NOTICE: This order was filed under Supreme Court Rule 23 and may not be cited as precedent by any party except in the limited circumstances allowed under Rule 23(e)(1). Appeal from the Circuit Court of Cook County 11-CH-07219 Honorable Patrick J. Sherlock, Judge Presiding PRESIDING JUSTICE McBRIDE delivered the judgment of the court.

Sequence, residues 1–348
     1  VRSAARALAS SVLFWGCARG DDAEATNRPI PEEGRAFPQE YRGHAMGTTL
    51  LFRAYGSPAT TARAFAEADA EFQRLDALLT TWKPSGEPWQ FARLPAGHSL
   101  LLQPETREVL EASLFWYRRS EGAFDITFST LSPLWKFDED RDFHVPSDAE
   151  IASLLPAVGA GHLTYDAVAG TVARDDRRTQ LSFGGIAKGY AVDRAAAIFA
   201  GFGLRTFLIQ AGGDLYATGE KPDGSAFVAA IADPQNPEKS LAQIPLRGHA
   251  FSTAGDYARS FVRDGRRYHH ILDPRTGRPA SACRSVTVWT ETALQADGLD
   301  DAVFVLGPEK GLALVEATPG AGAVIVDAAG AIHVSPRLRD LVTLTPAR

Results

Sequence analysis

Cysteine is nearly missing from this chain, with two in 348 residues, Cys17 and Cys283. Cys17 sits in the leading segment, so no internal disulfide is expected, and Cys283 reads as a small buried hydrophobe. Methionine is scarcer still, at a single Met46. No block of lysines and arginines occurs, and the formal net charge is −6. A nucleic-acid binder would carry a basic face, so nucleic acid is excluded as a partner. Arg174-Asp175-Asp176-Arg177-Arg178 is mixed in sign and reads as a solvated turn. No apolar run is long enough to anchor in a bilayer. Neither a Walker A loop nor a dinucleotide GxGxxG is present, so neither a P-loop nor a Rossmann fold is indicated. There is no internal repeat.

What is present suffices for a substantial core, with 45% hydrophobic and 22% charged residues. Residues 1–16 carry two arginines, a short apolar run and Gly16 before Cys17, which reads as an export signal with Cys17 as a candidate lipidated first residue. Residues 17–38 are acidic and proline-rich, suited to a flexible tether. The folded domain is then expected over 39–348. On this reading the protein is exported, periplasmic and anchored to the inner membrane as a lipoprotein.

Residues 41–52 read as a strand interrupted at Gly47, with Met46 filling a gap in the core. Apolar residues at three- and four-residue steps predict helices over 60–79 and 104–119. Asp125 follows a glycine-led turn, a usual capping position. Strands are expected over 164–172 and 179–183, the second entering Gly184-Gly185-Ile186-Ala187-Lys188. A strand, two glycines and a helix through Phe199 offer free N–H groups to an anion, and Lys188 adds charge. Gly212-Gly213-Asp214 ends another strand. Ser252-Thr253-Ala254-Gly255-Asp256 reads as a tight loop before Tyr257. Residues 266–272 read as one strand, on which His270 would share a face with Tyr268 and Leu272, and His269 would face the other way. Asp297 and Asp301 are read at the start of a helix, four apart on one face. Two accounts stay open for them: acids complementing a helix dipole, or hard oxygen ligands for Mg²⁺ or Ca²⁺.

Justices Ellis and Cobbs concurred in the judgment.